Sunday, January 23, 2005


January 23, 1997: Richard Berry, author of "Louie Louie," dies in Los Angeles. The FBI spent hundreds of man-hours trying to figure out whether the Kingsmen's 1963 version of Berry's greatest hit was obscene. The answer: No, just badly miked.

January 23, 1986: The first class is inducted into the Rock and Roll Hall of Fame. Members include Chuck Berry, James Brown, Ray Charles, Sam Cooke, Fats Domino, the Everly Brothers, disc jockey Alan Freed, Buddy Holly, Jerry Lee Lewis, Little Richard, Sun Records founder Sam Phillips, and Elvis Presley. (Note the absence of the Beatles, who had not yet achieved the required 25 years since their first recording.) Now that the Hall is inducting the likes of ZZ Top and the Bee Gees, the original inductees should get statues out front.

January 23, 1978: Terry Kath of Chicago kills himself playing Russian Roulette with a gun he didn't know was loaded. Chicago was never the same after that, without Kath's knowing growl of a voice.

Birthdays Today: Robin Zander of Cheap Trick is 52. I hated the first couple of albums by this band, up until Dream Police, which turned out to be an album lots of hardcore fans hated. Patrick Simmons of the Doobie Brothers and Danny Federici of the E-Street Band are both 55. Nice double-bill, if we could swing it.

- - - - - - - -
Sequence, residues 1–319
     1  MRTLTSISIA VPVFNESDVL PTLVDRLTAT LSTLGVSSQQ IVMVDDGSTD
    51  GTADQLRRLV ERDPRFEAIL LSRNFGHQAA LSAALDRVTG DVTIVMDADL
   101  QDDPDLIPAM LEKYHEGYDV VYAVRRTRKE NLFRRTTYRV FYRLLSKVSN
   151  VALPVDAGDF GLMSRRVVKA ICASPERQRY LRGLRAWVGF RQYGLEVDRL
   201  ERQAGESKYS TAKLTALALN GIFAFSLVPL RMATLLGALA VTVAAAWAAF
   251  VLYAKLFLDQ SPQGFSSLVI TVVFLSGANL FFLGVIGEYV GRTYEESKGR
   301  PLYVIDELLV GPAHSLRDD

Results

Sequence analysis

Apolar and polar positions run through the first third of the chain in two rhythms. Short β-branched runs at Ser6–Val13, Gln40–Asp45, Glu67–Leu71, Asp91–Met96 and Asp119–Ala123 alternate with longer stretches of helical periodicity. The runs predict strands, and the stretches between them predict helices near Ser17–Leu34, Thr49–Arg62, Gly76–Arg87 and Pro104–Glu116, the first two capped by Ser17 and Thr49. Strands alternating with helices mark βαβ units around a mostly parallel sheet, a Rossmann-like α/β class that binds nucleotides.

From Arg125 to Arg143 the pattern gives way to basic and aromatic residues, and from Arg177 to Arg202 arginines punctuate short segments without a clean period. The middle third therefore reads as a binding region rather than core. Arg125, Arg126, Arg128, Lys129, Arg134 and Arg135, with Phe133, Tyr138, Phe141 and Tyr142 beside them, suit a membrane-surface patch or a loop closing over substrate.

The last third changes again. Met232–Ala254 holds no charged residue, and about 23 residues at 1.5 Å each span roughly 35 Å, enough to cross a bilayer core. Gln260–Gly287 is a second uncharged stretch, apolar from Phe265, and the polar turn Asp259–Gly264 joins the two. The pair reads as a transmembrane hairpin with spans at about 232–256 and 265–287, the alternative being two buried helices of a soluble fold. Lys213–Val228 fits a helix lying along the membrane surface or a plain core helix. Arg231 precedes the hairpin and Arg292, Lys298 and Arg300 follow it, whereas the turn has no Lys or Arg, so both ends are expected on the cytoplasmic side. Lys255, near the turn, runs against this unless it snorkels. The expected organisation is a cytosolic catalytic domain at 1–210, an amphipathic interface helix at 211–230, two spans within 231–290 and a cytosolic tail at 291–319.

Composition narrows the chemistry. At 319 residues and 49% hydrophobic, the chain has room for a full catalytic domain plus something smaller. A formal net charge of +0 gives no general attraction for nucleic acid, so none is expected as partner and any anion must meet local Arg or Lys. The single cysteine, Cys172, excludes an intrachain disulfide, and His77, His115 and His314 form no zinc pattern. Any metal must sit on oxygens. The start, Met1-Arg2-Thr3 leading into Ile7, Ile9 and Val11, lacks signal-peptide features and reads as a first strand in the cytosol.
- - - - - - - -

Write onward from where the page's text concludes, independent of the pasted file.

Number One Songs on This Date:
1994: "All for Love"/Bryan Adams, Rod Stewart, and Sting.
Apparently anybody who walked by the studio that day got to be on the record.

1993: "I Will Always Love You"/Whitney Houston. The biggest hit of her career, one of the biggest hits of all time, yet one of the most obnoxious records ever recorded. Being from Wisconsin, I can understand her compulsion to yodel, however.

1971: "Knock Three Times"/Dawn. A record about which I am completely irrational, and maybe my guiltiest pleasure of all.

1965: "Downtown"/Petula Clark. Thanks to this, the British Invasion finally reached the radio station your mom and dad listened to.

1936: "The Music Goes Round and Round"/Tommy Dorsey's Clambake Seven. Four different versions of this song were on the charts at the same time early in 1936, but this is the only one anybody remembers. One of the major early hits of the Swing Era.


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